UH Mānoa’s Matt Abplanalp and Ralf Kaiser find evidence of cosmic-ray-triggered chemistry in interstellar ices that are relevant to life on Earth.
A group of scientists from Hawaiʻi, Brazil and California has measured the diameter of the Sun with unprecedented accuracy by using a spacecraft to time the transits of the planet Mercury across the face of the Sun in 2003 and 2006. Their scientific paper has been accepted by the Astrophysical Journal.
The measurements of the Sun’s size were made by University of Hawaiʻi at Mānoa Institute for Astronomy scientists Marcelo Emilio (visiting from Ponta Grossa, Brazil), Jeffrey Kuhn and Isabelle Scholl in collaboration with Rock Bush of Stanford University. They used the Michelson Doppler Imager aboard NASA’s Solar and Heliospheric Observatory to make the measurements.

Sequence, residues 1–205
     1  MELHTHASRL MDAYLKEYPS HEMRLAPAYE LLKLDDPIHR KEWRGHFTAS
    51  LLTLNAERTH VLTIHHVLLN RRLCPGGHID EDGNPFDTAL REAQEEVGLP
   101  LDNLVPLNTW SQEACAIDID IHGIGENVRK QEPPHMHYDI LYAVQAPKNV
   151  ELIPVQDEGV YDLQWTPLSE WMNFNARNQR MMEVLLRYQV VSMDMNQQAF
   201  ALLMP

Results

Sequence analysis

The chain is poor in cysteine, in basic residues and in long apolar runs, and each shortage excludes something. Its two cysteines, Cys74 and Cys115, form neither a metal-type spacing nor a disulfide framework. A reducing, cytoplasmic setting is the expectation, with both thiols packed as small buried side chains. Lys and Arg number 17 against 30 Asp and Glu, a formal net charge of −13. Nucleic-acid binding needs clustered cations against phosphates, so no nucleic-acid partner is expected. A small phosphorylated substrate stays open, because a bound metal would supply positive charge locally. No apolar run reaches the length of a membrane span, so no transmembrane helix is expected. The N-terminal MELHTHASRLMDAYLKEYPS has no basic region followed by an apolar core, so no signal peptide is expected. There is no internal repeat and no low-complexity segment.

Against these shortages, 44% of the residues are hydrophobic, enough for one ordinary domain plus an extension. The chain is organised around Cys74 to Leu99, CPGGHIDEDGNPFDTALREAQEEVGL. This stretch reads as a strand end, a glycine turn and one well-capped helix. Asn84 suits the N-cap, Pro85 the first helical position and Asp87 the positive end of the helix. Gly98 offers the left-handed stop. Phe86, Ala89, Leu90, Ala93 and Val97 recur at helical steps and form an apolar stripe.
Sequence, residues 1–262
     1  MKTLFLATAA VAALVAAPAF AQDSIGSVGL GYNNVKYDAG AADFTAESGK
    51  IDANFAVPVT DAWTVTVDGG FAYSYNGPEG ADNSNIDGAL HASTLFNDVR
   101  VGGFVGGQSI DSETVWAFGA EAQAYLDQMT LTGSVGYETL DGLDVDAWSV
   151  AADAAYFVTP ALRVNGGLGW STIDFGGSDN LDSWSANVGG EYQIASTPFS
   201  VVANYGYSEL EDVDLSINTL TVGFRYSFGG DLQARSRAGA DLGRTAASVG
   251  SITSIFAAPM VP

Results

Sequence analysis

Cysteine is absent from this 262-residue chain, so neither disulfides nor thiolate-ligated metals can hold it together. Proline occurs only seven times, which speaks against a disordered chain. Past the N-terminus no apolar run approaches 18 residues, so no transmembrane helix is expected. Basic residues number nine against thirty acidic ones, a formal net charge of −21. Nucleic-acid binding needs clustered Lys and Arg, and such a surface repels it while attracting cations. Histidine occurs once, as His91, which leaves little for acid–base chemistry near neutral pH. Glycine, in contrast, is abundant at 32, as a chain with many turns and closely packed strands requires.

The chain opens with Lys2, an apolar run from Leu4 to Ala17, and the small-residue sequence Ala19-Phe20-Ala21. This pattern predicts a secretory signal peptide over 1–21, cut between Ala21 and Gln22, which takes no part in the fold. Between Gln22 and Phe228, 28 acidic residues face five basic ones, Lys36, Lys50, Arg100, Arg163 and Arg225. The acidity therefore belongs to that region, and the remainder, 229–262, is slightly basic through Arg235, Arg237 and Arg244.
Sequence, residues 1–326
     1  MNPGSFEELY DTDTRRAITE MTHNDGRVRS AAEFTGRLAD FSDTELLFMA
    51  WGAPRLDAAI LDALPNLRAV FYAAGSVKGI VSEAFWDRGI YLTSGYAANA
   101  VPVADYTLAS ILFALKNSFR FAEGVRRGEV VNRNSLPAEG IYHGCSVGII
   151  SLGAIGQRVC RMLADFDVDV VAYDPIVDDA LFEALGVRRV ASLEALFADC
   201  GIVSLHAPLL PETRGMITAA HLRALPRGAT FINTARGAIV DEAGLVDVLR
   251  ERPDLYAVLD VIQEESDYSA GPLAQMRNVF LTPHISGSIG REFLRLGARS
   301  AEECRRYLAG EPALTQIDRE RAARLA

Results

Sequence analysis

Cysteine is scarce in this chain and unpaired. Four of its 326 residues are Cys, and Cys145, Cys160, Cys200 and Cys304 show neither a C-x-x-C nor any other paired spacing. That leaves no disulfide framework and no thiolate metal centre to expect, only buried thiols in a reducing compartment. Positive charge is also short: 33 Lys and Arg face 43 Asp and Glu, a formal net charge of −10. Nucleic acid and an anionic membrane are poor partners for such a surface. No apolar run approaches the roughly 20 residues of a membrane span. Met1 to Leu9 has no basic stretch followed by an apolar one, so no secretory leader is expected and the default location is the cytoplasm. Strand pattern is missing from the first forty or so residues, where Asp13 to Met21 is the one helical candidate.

They measured the Sun’s radius as 696,342 km (432,687 miles) with an uncertainty of only 65 km (40 miles). This was achieved by using the solar telescope aboard a NASA satellite, thereby bypassing the blurring caused by Earth’s atmosphere that occurs when observations are made from the ground.
“Transits of Mercury occur 12–13 times per century, so observations like this allow us to refine our understanding of the Sun’s inner structure, and the connections between the Sun’s output and Earth’s climate,” said Kuhn.
The team is preparing to observe the transit of Venus across the Sun on June 5, 2012. They expect these observations will improve the accuracy of their solar size measurement even further.